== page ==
How To Get Foreign Investment In Your Cannabis Company
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As business grows for the legalized cannabis industry in America so can foreign investment. Yet the nuances of America’s growing cannabis industry can present obstacles that investors need to be aware of before jumping into the legalized marijuana space. It’s equally important for anyone looking to work with foreign investors to also be aware of these roadblocks. By understanding them—and the possible workarounds —you can unlock untapped investor money.
The fact that cannabis is still illegal at the federal level remains a significant stumbling block for growth and foreign investment. Essentially, foreign investors will need to engage an American cannabis business at the state level, and the illegality of cannabis at the federal level can have significant immigration and taxation complications.
All of this can be new terrain for foreign investors. Yet these obstacles should not dissuade the savvy investor. They can be navigated once you familiarize yourself with the cannabis market.
Obstacle #1: Residency requirements
One of the first obstacles for foreign investment can be the various residency requirements of each state regarding cannabis businesses. For example, Washington state requires that all cannabis business owners are residents of the state. The complexity of residency requirements also speaks to the nuances of having to comply with the various laws between states and jurisdictions. What may be acceptable in one state could be outlawed in another, so every cannabis business needs to have a local cannabis attorney well-versed in the complexities of this rapidly growing and evolving market.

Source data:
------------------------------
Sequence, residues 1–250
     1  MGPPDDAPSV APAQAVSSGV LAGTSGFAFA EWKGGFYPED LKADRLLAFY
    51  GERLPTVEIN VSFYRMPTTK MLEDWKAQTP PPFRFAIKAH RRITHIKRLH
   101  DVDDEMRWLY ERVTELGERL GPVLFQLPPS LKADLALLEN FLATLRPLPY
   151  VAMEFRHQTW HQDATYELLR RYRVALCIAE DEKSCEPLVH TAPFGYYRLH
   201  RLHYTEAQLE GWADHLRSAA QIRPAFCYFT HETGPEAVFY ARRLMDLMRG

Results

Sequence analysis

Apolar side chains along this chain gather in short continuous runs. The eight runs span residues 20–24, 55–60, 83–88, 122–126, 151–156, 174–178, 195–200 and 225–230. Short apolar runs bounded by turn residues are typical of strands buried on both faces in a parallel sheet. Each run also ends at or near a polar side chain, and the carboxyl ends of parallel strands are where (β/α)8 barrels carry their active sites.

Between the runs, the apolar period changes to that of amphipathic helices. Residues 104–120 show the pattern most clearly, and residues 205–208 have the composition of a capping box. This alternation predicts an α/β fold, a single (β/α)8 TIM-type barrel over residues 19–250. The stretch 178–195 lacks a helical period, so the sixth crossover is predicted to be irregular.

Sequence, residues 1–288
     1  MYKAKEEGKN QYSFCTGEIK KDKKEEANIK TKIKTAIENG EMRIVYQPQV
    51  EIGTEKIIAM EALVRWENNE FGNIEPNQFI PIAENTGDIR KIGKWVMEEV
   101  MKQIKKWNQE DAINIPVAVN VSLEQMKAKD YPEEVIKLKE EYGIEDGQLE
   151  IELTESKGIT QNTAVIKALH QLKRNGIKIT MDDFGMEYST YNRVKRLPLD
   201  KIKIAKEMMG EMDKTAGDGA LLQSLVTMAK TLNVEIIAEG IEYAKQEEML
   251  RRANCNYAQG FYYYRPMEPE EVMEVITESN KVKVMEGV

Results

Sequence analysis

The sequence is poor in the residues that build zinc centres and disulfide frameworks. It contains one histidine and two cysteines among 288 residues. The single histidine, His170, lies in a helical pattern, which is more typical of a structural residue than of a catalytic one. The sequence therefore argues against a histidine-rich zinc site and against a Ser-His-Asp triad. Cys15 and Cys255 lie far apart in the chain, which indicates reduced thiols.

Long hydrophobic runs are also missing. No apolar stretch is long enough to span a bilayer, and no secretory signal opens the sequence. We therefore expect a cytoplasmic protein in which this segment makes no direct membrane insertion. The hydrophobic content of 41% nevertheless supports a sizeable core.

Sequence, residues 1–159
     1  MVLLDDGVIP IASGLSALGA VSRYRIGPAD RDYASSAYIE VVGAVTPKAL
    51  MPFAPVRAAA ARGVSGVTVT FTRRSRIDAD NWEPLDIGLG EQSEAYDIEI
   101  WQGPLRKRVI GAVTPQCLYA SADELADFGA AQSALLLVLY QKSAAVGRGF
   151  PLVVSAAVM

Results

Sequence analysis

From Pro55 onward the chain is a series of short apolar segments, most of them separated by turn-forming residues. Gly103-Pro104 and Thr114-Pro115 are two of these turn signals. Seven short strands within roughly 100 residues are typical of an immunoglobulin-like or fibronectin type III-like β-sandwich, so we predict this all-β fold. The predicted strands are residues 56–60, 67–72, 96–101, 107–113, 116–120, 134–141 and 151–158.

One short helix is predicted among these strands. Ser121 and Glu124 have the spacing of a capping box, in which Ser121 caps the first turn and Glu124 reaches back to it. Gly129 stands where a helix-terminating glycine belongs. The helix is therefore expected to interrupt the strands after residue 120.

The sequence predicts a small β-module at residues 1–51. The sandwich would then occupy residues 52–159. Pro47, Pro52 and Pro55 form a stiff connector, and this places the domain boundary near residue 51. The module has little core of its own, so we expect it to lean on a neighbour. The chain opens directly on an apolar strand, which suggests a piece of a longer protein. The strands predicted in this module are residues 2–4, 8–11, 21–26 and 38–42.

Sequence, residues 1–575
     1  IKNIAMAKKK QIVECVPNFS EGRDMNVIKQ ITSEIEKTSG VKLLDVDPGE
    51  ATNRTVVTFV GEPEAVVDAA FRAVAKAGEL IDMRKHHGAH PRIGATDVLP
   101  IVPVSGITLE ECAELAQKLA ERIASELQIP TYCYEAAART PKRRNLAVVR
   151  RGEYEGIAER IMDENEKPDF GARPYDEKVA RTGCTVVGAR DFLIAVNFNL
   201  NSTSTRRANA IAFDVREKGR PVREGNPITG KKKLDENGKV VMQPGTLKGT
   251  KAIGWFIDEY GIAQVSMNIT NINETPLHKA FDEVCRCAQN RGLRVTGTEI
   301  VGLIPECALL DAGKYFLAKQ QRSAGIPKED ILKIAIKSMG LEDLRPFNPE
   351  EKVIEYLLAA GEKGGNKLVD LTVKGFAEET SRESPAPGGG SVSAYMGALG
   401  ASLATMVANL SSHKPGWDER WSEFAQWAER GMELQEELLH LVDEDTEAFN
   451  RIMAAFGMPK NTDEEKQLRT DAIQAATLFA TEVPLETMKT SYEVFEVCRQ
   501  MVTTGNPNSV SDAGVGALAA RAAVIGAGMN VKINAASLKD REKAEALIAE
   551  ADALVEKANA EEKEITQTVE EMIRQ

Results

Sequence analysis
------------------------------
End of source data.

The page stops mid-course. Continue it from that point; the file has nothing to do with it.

Obstacle #2: Immigration requirements
Another significant hurdle for foreign investors centers on immigration requirements. Since the use or selling of cannabis is still illegal at the federal level, one’s association with a legal cannabis business either in America or abroad could result in the denial of a visa or citizenship. American immigration requires that entrants to the United States exude “good moral character,” so working in the legal marijuana market, which is still illegal at the federal level, could prevent someone from obtaining the GMC requirement. This is where having a trusted advisor who can navigate for immigration business and law comes in handy.
For example, foreign investment in a cannabis business in Washington state due to its residency requirement can be far more complicated than one would assume, and especially for Canadian investors now that Canada has legalized marijuana. Expanding a cannabis business from Vancouver to Seattle might seem like a no-brainer, but it will be far more complicated than anticipated.
Obstacle #3: Banking restrictions
As everyone in the industry knows, federal taxes and banking complications can also be a significant hurdle. American banks work across state lines, so moving legal cannabis revenue from Colorado to a state that has not legalized marijuana or outside the country could open a bank to federal penalties. As a result, marijuana businesses can be overly reliant on cash transactions. Additionally, cannabis businesses have specific taxation requirements such as ICR 280E that can be particularly onerous.
None of these obstacles are insurmountable. In fact, they all can be navigated by doing your due diligence, creating a robust business plan, and hiring a qualified cannabis attorney. Analysts expect this market to experience dynamic growth in the next couple of years, so targeting foreign and domestic investment in order to grow your business and seize this opportunity will be a wise decision in the long run. The secret to foreign investment is to ensure that you are dotting your i’s and crossing your t’s every step of the way.